First, the British parliament rejects David Cameron’s demand for an immediate military strike on Syria. Then, Barack Obama, seemingly all set to bomb Syria, decides to postpone any action until it wins backing from Congress (which is by no means a foregone conclusion). The extraordinary flip-flops and u-turns over policy towards Syria on both sides of the Atlantic last week might seem to express the triumph of the democratic process over hasty belligerence. They speak also, however, to the confusion and lack of coherent thought that lie at the heart of much contemporary Western foreign policy.
Any discussion about military intervention in Syria takes place, of course, in the shadow of the war in Iraq. The dubious intelligence and discredited justifications that preceded that invasion still haunt political debate. So does the chaos and sectarian conflict that followed. The Iraq war helped further erode trust in politicians and made the public more skeptical about ‘humanitarian intervention’. It also made politicians less willing to stick their necks out and take a stand.
The problem goes, however, much deeper than merely the aftershocks of Iraq. There is a growing gap between morality and reality that shapes much of contemporary policy making, and distorts both moral thinking and policy decisions. Nowhere, perhaps, is this clearer than in discussions about war. The case for military intervention in Syria is rooted largely in moral outrage at Bashar al-Assad’s ‘crossing of the red line’ in using chemical weapons. The outrage is understandable, indeed necessary, as is the desire to ‘do something’. What the narrative for intervention excludes, however, is the complexity of the Syrian conflict.
The current conflict began in March 2011 as a popular revolt against the Assad regime and its brutal police state. The uprising swiftly became enmeshed in a web of conflicts, both internal and external to Syria. The Assad regime has managed to present the struggle for freedom as a sectarian clash between the Sunni Arab majority and minority groups such as the ruling Alawite sect, Christians and Druze. The success of the regime’s propaganda has turned the myth into something of a reality, so that the battle for a new, democratic Syria has descended into something more sectarian.
The intervention of foreign powers has exacerbated such sectarianism as different opposition groups have become proxies in a wider set of conflicts. The most important of these is the struggle between Saudi Arabia and Iran that has shaped much of Muslim politics since the Iranian revolution of 1979. Saudi Arabia and the Gulf states have thrown weapons and money at the opposition. Iran, knowing that the overthrow of Assad would weaken its own position, has fought to preserve the regime. Hezbollah, the Iranian-backed Lebanese militia, has sent fighters to shore up Assad’s cause. With Saudi Arabia broadly Sunni and Iran mainly Shia, the political struggle between the two nations has become mapped onto the Sunni-Shia religious conflict. Nevertheless it is not religion but realpolitik that is helping to forge alliances. That is why theocratic Iran is lining up with secular Assad against Wahhabist Saudi Arabia. Russia, meanwhile, is using its support for the Assad regime, and opposition to American policy, as a means of reasserting its status as a Great Power.
Intervention by Western nations, too, has helped shape the civil war. Throughout the so-called Arab Spring, Western, and especially American, policy towards democracy movements has been dictated primarily by two requirements: the desire for political stability and the need to keep Iran in check. The importance of Saudi Arabia and the Gulf States, both in containing Iran and in helping prosecute the war on terror, has led America to be at best ambivalent towards democracy movements in Saudi Arabia and Bahrain, tolerating the authorities’ brutal crackdown on protestors in both countries. In Egypt, America has supported the democracy movement, but only in the context of maintaining stability. It backed the previous dictator Hosni Mubarak, whom it had funded for 30 years, until it was clear that he could no longer cling to power, tried to replace him with the CIA’s bagman in Cairo, Omar Suleiman, and refused to call the coup against President Mohammad Morsi a coup, so that it could legally continue funding the Egyptian military.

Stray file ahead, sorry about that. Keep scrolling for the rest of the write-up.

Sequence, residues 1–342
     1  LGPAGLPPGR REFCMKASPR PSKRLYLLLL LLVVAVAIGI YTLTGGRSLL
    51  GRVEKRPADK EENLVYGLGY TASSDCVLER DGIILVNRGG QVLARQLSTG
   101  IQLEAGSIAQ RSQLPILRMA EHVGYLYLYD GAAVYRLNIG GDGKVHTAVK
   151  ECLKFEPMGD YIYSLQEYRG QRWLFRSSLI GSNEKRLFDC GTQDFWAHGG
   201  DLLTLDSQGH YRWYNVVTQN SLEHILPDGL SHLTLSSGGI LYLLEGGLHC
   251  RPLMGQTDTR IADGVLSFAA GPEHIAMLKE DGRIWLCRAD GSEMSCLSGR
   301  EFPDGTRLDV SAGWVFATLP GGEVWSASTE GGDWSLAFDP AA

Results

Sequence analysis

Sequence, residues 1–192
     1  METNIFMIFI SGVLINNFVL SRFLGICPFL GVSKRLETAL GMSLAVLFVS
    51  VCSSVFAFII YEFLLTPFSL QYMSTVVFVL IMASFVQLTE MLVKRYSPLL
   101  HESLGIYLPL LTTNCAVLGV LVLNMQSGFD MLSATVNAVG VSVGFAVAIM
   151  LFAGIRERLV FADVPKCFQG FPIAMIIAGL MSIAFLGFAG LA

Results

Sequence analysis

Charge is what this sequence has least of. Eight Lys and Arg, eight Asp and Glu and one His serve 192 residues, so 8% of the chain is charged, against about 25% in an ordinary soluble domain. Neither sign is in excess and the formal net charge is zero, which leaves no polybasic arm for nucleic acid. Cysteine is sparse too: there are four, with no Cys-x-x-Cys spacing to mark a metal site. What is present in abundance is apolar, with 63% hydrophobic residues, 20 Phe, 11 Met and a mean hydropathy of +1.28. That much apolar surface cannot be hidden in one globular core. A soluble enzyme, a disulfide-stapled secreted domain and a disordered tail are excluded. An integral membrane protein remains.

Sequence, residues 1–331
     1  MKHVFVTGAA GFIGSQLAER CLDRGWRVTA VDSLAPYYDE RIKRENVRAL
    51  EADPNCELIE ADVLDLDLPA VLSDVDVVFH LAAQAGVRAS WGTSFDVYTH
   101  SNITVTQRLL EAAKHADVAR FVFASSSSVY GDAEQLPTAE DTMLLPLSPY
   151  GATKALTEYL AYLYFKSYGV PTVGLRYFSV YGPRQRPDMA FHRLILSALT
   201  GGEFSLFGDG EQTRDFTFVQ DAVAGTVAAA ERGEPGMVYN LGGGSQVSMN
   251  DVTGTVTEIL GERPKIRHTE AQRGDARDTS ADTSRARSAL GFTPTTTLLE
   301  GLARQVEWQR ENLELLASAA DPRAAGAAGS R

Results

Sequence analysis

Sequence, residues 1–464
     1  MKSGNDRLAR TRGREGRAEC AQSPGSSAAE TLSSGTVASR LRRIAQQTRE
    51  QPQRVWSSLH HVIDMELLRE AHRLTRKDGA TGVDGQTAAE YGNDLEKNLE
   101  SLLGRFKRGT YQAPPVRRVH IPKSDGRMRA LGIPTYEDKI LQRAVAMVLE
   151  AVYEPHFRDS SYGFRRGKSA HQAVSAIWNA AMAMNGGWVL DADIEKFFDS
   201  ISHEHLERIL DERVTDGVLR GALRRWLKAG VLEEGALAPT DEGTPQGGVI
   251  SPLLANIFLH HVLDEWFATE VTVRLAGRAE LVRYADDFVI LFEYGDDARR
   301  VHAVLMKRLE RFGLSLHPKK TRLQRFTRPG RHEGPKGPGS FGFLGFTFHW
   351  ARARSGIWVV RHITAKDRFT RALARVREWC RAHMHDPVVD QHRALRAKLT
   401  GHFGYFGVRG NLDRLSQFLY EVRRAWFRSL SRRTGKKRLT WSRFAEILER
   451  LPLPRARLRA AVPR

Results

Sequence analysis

There is a long history of US involvement in Syria. In the 1950s and 1960s, the CIA was drawn to the Ba’ath Party in both Iraq and Syria because of the Ba’athists’ visceral opposition to communism. In February 1963, the CIA funded a coup that brought Iraqi Ba’athists to power. One of the CIA assets was a lowly member of the conspiracy – Saddam Hussein. The following month, Syrian Ba’athists mounted their own coup, led by, among others, Hafez al-Assad, Bashar al-Assad’s father.
The Ba’ath Party, and the Assad clique, have long since transformed from an asset to a liability. Unlike in Saudi Arabia, Bahrain or Egypt, America has shown no ambivalence in its desire to oust the regime. It helped set up and support, financially and logistically, the Free Syrian Army, and gave formal recognition to the Syrian National Council as the legitimate representative of the Syrian people. The aim was to bolster the anti-Assad movement, while keeping the more radical jihadis in check. The consequence has been further to distort the movement for democracy, turning more opposition groups into client organizations of foreign powers to whom they are beholden for finance, resources and armaments.
While Western powers have played their role in creating the complex web of conflicts that now defines the civil war in Syria, in making a case for military intervention, they have ignored that complexity, turning the argument for military intervention into a simple morality tale. There are, of course, moral issues at the heart of the Syrian conflict. But those issues can only be negotiated within the geopolitical realities of the war.